I propose to complement the probabilistic metaphysics and epistemology from section 3 with rank-theoretic accounts of the traditional and familiar notions of conditional belief, counterfactual dependence, and observables. To this end I will first briefly explain why rank-theoretic grades of disbelief RS(H |E) provide an

adequate account of conditional belief. Then I will sketch why rank-theoretic counterfactual distances rw,c(A) provide an adequate account of counterfactual

dependence. In a third step I will introduce the new rank-theoretic notions of observable absolute failure and the observable relative failure that will allow us to empirically test, or confirm, counterfactuals.

The first argument for the thesis that ranking functions provide an adequate account of conditional belief is due to Hild & Spohn (2008). It is deontological in spirit. Ranking functions induce belief sets that are consistent and deductively closed as already required by Hintikka (1961). In addition ranking functions guide the revision of the induced belief sets in accordance with the AGM constraints on

4I will mostly ignore contexts, as the context sensitivity of counterfactuals does not play a role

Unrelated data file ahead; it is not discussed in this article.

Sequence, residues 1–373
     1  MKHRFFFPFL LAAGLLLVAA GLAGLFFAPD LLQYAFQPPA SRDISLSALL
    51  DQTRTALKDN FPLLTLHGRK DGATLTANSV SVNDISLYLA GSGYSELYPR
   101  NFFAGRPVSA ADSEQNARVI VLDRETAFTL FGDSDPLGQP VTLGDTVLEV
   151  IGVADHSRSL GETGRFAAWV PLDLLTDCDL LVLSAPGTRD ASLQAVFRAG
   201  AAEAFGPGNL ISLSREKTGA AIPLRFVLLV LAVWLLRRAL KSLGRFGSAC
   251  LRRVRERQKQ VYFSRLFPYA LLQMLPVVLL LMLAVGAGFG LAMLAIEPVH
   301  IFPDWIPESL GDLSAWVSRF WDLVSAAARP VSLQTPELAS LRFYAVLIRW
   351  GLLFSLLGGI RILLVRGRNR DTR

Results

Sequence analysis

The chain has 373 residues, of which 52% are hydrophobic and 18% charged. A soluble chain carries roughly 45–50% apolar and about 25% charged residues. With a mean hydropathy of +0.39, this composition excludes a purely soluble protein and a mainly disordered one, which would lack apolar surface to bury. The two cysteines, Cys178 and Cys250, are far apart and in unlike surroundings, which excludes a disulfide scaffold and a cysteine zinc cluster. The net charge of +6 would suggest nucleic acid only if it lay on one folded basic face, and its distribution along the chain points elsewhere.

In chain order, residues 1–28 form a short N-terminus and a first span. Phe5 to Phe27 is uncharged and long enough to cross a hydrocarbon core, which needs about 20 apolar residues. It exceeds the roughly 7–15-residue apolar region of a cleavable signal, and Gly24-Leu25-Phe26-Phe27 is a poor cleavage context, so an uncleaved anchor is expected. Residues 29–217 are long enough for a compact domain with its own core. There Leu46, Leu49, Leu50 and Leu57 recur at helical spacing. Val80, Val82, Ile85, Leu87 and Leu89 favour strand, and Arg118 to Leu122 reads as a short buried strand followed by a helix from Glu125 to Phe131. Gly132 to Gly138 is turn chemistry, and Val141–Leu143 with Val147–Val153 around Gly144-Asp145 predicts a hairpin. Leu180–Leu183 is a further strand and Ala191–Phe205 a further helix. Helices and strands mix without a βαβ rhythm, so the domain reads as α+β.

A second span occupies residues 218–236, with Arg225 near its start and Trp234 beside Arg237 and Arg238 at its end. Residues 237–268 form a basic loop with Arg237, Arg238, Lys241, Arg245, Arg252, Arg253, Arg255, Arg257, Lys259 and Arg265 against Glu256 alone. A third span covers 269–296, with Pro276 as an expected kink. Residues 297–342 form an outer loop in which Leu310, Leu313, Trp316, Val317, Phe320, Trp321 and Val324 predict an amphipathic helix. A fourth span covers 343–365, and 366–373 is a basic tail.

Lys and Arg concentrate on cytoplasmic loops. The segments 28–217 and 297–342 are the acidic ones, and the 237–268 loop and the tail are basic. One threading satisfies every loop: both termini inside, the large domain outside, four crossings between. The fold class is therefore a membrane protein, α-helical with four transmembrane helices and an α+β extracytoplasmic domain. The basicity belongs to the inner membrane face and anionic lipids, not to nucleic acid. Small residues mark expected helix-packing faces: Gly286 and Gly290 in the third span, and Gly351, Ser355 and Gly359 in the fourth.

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belief revision (Alchourrón & Gärdenfors & Makinson 1985). However, these AGM constraints do not say anything about iterated belief revisions. Therefore several authors – Boutilier (1996), Darwiche & Pearl (1997), and many others (see Huber 2013a; b) – have proposed various constraints in addition to the AGM constraints to guide iterated belief revisions. These additional constraints are also satisfied by ranking functions (Spohn 2012: §5.6). However, the latter go beyond these constraints. Hild & Spohn (2008) argue that one has to go all the way to ranking functions in order to adequately deal with iterated belief revisions by proving a representation theorem to the effect that, roughly, all and only ranking functions represent iterated belief revisions of a “reasonable” sort. Very roughly, all and only ranking functions obey the duties of iterated belief revision.